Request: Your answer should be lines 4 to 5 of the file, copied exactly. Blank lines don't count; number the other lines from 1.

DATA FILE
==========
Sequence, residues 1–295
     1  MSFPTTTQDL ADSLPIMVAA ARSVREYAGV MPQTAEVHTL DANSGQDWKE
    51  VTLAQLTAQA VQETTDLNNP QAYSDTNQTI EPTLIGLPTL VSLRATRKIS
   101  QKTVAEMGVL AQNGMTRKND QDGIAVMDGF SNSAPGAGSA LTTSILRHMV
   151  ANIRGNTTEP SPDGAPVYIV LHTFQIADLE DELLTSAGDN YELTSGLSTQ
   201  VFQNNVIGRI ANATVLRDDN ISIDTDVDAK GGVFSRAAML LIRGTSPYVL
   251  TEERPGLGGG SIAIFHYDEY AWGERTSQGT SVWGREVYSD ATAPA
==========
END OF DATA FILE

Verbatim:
   101  QKTVAEMGVL AQNGMTRKND QDGIAVMDGF SNSAPGAGSA LTTSILRHMV
   151  ANIRGNTTEP SPDGAPVYIV LHTFQIADLE DELLTSAGDN YELTSGLSTQ